Box Spring / September 8, 2017 / Lucille
Do I need a Box Spring for my Mattress? This question comes up at least once during bed shopping for 90% of all people. And for good reason. Box Springs are a multi-million dollar multi-million tree chopping industry. So in light of the green revolution (re-co-lu-tion?) these days one can only wonder: is there really a reason for all the senseless killing of defenseless trees just to have an extra foot of wood fabric and air underneath your fully functional mattress? As it turns out the answer is both a resounding no with a hint of yes. The real kicker here is that most modern box springs dont actually have "springs" in them which basically leaves just the "box" part as a truth. And this is exactly what they are a wood-framed box covered with fabric. All of the bells whistles and 21st century technology go into the mattress part of the bed which if you were a well-informed bed shopper could take on all sorts of exotic construction from innerspring foam visco-elastic (memory) foam flotation (water) or air.
Today with comfort zones targeted at various positions along the mattress this rotation is no longer suggested and the handles which would often break when holding the weight of the entire mattress were removed. It is very important when moving a mattress from one home to another to cover it somehow. Dont rely on a sheet either. Many stores that stock boxes and other packing material will have plastic bags large enough to enclose the mattress and box spring. This is essential for keeping dirt and water from damaging the set. These bags may come complete with handles or one can also use a very long piece of rope to create a handle. It is just like trussing up a turkey. Be sure to draw the rope all around the mattress and distribute the weight of the mattress as evenly as possible.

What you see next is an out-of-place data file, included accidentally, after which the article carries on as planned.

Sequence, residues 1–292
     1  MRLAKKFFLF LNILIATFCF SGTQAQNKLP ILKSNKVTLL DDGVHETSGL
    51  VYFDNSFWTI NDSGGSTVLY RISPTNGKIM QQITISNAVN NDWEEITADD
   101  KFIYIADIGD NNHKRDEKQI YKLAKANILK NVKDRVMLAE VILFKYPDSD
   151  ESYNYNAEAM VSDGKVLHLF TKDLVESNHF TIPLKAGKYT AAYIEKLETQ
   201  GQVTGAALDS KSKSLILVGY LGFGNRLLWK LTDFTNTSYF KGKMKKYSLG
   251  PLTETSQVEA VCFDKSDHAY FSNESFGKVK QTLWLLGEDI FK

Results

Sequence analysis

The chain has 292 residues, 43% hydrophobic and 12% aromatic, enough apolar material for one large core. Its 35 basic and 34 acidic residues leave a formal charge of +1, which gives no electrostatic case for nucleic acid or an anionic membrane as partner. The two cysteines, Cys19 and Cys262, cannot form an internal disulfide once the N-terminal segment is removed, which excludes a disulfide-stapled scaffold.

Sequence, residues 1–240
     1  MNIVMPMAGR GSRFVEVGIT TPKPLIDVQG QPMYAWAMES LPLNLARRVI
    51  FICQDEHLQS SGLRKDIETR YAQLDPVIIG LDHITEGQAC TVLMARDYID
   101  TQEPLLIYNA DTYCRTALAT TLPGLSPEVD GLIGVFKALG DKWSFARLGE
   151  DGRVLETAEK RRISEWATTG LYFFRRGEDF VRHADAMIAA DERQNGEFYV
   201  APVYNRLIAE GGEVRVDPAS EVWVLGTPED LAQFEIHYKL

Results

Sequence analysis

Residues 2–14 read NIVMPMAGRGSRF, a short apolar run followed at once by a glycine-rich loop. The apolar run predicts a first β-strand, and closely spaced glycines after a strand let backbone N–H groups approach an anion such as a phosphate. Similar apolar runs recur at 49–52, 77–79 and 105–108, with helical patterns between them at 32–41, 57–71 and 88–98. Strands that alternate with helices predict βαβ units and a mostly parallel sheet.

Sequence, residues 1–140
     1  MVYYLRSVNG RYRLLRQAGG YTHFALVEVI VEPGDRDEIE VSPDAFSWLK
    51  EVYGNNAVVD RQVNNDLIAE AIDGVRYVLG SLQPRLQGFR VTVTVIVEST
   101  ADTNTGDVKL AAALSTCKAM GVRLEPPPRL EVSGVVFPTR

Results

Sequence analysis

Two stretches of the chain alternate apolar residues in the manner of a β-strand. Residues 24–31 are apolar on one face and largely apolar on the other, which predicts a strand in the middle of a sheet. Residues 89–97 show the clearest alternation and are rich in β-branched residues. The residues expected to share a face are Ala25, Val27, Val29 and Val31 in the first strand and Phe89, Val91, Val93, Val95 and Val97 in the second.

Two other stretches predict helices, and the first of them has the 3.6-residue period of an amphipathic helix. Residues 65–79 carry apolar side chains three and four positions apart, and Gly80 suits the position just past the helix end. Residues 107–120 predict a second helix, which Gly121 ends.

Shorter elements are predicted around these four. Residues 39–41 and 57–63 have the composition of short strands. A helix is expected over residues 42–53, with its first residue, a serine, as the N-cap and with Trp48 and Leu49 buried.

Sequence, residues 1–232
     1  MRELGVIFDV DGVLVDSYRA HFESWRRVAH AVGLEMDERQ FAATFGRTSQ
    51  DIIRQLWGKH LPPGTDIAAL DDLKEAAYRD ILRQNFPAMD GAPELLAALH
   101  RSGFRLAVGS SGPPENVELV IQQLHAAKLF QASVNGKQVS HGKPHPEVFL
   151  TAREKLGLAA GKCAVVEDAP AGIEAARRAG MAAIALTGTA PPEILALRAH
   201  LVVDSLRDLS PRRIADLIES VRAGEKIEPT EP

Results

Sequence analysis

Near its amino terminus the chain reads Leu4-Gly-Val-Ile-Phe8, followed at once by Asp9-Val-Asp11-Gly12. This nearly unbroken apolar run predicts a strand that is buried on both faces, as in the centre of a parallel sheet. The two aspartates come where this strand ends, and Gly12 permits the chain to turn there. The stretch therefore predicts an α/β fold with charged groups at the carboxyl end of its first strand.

There are dozens of different fabric materials used to manufacture the mattress and pillow encasings that are sold on the market. Some are made from 100% cotton some are made from polyester and some are a mix of both fabrics or are made from other materials. Some have membrane coatings bonded to them to make them dust mite and pet dander proof and some do not have any membrane coatings at all because the fabric is so tightly woven together the dust mite and pet dander allergen cannot penetrate through the fabric at all. The big concern for most people is for their dust mite encasings to be smooth and cool for better sleeping comfort. In the old days some mattress encasings were made from crunchy plastic or stiff vinyl materials that were loud and uncomfortable to sleep on. Some of these materials would also quickly melt or come apart in a hot dryer.